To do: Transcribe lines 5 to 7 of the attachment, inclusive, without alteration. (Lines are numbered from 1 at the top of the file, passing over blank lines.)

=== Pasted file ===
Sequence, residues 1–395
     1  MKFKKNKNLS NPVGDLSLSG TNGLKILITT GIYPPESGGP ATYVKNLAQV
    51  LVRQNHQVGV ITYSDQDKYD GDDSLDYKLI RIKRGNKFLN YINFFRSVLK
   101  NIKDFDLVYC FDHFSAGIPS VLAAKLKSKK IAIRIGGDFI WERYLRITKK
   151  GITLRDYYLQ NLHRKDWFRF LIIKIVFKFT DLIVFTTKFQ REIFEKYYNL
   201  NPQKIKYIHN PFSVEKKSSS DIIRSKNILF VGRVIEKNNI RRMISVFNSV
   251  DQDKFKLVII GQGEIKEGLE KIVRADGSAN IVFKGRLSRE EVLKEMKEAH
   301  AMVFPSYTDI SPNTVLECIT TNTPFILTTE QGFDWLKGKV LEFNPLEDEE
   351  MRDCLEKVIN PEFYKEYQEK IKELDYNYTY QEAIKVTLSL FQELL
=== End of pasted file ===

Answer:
   151  GITLRDYYLQ NLHRKDWFRF LIIKIVFKFT DLIVFTTKFQ REIFEKYYNL
   201  NPQKIKYIHN PFSVEKKSSS DIIRSKNILF VGRVIEKNNI RRMISVFNSV
   251  DQDKFKLVII GQGEIKEGLE KIVRADGSAN IVFKGRLSRE EVLKEMKEAH